Terry Fox Run. The 1 lth annual run commemorating the life and courage of Canadian athlete Terry Fox, who in the prime of his youth lost his leg to cancer, features a 10K, 5K, 10K race/walk, and a Kiddie Kilometer. Registration forms for the runs are available at Luke’s stores in Dallas and in the Sports Club at the Four Seasons Resort in Irving. September 30. 7:45 a.m.-11 a.m. Four Seasons Resort and Club, 4150 North MacArthur Boulevard, Irving. Information: 214-717-2441.

Oktoberfest Run. Tom Thumb’s Run for the Children at Oktoberfest, benefiting A Weekend to Wipe Out Cancer, sponsors a 5K, 10K, and one-mile fun run to benefit cancer research at Children’s Medical Center of Dallas. This run is part of Addison’s annual Oktoberfest celebration (see page 45 for a full description of the event). September 16, 7:45 a.m. Addison Conference and Theatre Center, 15650 Addison Road, Addison. Registration: 214-640-8380.

Grand Prix Bike Tour. The Grand Prairie Chamber of Commerce’s eighth annual wheel competition offers bicycle and rollerblade enthusiasts a choice of courses, with mountain bike competition held at Cedar Hill State Park and the remainder of the competition at Lynn Creek Park on Joe Pool Lake. All participants are treated to a catered pasta lunch after the races. Skaters and riders can choose among 8 a.m. 100K. 8:15 a.m. 75K, 8:30 a.m. 50K, 8:40 a.m. 25K road courses; a 9:30 a.m. 10K “in-the-park” family fun ride; a 10 a.m., 10K rollerblade course; an 8 a.m., 7.5-mile Mountain Bike course; or an 8:20 a.m., 2.5-mile mountain bike course. September 16. Early packet pick-up will be September 14-15 at The Palace of Wax/Ripley’s Believe It Or Not! in Grand Prairie. Same-day registration begins at 6 a.m. Lynn Creek Park on Joe Pool Lake; from I-30 take Hwy. 360 south to I-12 east, exit Great Southwest Parkway from I-20. Turn right on Great Southwest Parkway, which becomes Lake Ridge Parkway to Lynn Creek Park, Grand Prairie. Information: 800-288-8FUN.

NHL Breakout ’95. Trading the ice for the asphalt, a traveling off-ice hockey tournament arrives in Dallas in a weekend summer festival. The tournament is part of a cross-country grass-roots festival featuring hockey-themed activities and entertainment, skills clinics, interactive events, music, food, contests, and celebrity players. A special section is set aside for junior hockey enthusiasts. September 9-10. 8:30 a.m.-5:30 p.m. Incredible Universe, 12710 Executive Drive, Dallas. Information: 214-991-2670.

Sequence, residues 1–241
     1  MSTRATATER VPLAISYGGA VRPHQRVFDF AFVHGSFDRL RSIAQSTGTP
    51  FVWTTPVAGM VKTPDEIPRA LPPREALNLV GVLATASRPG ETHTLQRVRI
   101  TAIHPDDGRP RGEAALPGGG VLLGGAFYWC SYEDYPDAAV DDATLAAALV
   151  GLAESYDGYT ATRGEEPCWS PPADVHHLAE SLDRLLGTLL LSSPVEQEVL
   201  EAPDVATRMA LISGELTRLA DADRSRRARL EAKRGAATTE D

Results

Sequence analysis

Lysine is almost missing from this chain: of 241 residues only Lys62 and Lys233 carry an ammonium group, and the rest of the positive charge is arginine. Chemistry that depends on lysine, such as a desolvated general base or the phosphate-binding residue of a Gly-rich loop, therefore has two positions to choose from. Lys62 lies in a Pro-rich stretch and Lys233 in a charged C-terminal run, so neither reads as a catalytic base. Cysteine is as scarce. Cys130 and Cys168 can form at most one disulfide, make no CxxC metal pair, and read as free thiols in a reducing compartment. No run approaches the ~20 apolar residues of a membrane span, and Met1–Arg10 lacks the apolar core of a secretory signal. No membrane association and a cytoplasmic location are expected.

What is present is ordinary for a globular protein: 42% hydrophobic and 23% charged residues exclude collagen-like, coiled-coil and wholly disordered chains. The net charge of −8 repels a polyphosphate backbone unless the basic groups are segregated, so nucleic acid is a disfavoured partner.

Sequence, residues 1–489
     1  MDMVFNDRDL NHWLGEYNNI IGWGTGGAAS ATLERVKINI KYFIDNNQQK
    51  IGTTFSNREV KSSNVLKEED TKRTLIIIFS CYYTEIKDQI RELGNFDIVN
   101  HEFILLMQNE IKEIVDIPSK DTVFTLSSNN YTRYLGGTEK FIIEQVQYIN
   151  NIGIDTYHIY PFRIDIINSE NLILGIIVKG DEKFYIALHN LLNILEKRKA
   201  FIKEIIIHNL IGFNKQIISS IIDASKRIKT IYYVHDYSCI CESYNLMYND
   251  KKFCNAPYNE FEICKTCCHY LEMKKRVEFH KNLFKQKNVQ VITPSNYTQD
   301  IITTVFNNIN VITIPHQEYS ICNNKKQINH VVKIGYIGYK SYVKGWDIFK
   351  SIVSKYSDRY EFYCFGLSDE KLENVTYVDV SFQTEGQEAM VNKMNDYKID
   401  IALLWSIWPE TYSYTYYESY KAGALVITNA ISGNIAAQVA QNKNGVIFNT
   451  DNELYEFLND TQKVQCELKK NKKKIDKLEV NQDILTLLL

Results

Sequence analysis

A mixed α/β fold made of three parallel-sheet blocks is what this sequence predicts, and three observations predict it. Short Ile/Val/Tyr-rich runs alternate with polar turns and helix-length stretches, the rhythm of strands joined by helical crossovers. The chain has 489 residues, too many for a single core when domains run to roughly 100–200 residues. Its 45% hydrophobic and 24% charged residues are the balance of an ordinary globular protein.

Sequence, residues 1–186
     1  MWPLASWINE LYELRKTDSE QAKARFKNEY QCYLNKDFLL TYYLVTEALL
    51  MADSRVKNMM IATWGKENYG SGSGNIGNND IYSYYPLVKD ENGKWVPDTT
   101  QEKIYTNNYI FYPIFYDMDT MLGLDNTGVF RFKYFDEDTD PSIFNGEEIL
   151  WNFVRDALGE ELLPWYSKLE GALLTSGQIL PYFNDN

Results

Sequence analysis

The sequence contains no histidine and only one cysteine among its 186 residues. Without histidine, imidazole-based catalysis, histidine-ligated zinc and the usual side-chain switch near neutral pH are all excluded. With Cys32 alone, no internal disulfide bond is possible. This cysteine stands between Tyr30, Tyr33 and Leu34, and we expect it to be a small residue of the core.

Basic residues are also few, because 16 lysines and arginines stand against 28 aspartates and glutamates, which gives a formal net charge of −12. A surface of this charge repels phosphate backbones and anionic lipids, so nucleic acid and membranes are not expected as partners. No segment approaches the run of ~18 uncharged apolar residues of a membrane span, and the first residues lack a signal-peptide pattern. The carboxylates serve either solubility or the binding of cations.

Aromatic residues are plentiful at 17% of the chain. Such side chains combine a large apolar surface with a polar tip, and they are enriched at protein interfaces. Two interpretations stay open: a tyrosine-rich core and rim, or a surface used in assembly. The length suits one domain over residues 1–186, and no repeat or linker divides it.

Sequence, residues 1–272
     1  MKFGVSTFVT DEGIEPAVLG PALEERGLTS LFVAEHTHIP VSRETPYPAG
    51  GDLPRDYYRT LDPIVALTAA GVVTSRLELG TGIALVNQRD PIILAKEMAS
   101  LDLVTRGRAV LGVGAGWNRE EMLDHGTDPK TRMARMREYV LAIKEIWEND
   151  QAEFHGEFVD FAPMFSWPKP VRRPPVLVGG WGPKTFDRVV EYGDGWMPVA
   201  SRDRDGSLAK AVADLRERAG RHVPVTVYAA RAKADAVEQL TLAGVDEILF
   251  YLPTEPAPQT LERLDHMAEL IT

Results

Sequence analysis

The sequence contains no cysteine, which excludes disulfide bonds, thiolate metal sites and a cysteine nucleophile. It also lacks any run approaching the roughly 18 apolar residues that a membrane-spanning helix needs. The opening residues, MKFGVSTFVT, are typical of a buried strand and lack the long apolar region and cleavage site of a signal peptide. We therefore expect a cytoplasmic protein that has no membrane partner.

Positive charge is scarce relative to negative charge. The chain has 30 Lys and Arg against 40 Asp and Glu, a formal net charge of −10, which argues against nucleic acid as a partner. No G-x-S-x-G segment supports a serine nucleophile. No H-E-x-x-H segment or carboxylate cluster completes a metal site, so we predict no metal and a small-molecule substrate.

Texas Rangers. The Texas Rangers play ball in their second season at their new home. Home games:

September 1 Kansas City 7:05 p.m.

September 2 Kansas City 7:05 p.m.

September 3 Kansas City 7:05 p.m.

September 4 Chicago 7:05 p.m.

September 5 Chicago 7:05 p.m.

September 6 Chicago 7:05 p.m.

September 7 Chicago 7:05 p.m.

September 22 California 7:05 p.m.

September 23 California 7:05 p.m.

September 24 California 2:05 p.m.

September 26 Oakland 7:05 p.m.

September 27 Oakland 7:05 p.m.

September 28 Seattle 7:05 p.m.

September 29 Seattle 7:05 p.m.

September 30 Seattle 7:05 p.m.

The Ballpark in Arlington, 1000 Ballpark Way, Arlington. Information: 817-273-5100.

Dallas Cowboys. Dallas’ own football machine begins another season at Texas Stadium. Home games:

September 10 Denver 3 p.m.

September 24 Arizona 3 p.m.

October 8 Green Bay noon

Texas Stadium, 2401 East Airport Freeway, Irving. Information: 579-5000.


The State Fair of Texas

THE HISTORY IS RICH: THE STATE’S FIRST STATE FAIR WAS HELD HERE IN 1886; THE 1936 Texas Centennial Exposition, which really put the city on the map, ran for six months and attracted six million visitors. As for bragging points, well, yes, it is the largest State Fair in the country, drawing more than 3 million people last year; the 212-foot tall Texas Star is the largest Ferris wheel in North America; and if Big Tex is not the world’s tallest slooooow-talking denim-clad landmark at which to meet your lost buddies, then just who is? Beyond all that, beyond the puppet shows, petting farms, crock pot and chili cooking contests, Cowboys of Color rodeo, the corn dogs formerly known as Fletcher’s, The Phantom of the Opera, the auto show, the Texas-OU game, the Wild Mouse or whatever they’re calling it this year, vibrating barcaloungers, pot-bellied pigs, and the still beautiful if shamefully neglected Art Deco buildings (watch out for falling plaster)-the Fair is lovable because it calls us back to a simpler way of life tooted in the land and its bounty Cows, at least for an afternoon, seem as important as computers. September 29 through October 22. 10 a.m.-10 p.m. Fair Park, Dallas. Admission; $8 for adults, $4 for children under 48″ tall and seniors over age 60; free for children under 2. Information: 214-421-8716.